Bees are social insects working for the good of the colony. Do they have no personality at all? It seems that some of them can get a taste of freedom to select their tasks during their flights exploration. More surprisingly, this need for novelty would be controled by the same molecules (catecholamine, GABA or glutamate) in vertebrates.
Bees, Apis mellifera, live communally in hives containing on average 40,000 to 60,000 individuals. They form societies where each group takes a specific role. The workers involved successively in several tasks, ranging from providing care for the larvae (nourishing activity) to harvest of pollen and nectar. They are then referred to as foragers. Faced with cohesion uniting, a question arises: Does every individual own personality or is it so stereotyped?
Within the hive, worker populations are increasing to a level of overcrowding. The colony is divided into two. The newly trained swarm goes in search of a site to colonize. Researchers at the University of Illinois, led by Gene Robinson, noted that some bees seemed brave during this phase. Almost 5% of the whole swarm literally are an adventurous. More surprisingly, once in place the new hive, the insects continue to explore their environment in search of food. The figures show the bees have explored to find a new nest were 3.4 times more likely to become specialists in food scouts, compared to foraging bees. Do they have a taste of liberty?
The researchers wanted to establish the existence of molecular differences between explorers and foragers. They then compared the expression of their genes. Against all odds, they found thousands of differences. Some of them particularly caught their attention. The explorers do indeed produce molecules involved in the reward-driven and the novelty-seeking behavior in vertebrates and thus in humans. These results are published in the journal Science.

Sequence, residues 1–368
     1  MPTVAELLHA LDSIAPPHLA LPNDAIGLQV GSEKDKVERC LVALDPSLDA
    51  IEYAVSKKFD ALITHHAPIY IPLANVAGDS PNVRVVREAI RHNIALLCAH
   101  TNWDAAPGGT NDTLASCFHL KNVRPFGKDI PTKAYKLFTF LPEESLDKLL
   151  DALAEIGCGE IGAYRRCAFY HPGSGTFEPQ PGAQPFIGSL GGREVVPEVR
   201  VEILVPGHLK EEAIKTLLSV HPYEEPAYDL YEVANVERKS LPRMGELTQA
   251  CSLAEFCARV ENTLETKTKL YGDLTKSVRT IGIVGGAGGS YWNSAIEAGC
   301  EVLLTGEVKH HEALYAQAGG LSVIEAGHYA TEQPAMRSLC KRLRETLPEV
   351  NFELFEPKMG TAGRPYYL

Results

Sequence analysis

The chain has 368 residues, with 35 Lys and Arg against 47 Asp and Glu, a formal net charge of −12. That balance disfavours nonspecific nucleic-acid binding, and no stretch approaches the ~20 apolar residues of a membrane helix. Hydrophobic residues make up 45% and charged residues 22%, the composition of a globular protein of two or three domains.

Bees and men equal before liberty
Among the genes expressed by bees explorers, certain expressions related to catecholamines, glutamate and gamma-Aminobutyric acid (GABA) – these moleculars pathways regulate novelty-seeking in mammals and humans. These chemicals exmined in the brain are known to influence the level of reward a person feels when seeking new experiences.
But are we sure that these molecules play the role assigned to them? Yes, further tests have confirmed. The researchers modified the signals expressed in the brain of insects by exposing them to different substances. The team further discovered that treating bees so that levels of glutamate and octopamine (equivalent to noradrenaline) would be higher by 73% and 37% caused non-scout bees ( forager ) to start exploring. However, when they blocked the pleasure chemical dopamine, the bees scouted 44% less than before.
The metabolic pathways involved in the novel- seeking in bees are indeed the same as in humans and other vertebrates. This feature has evolved independently among different groups, while the molecular basis would have remained the same. So, the bees have their own personality. Nevertheless, exploratory behavior are necessary for the survival of the hive as they allow to find new food sources or to colonize new sites. So everyone comes out so winner.
Other Sources to read of this topic sciencedaily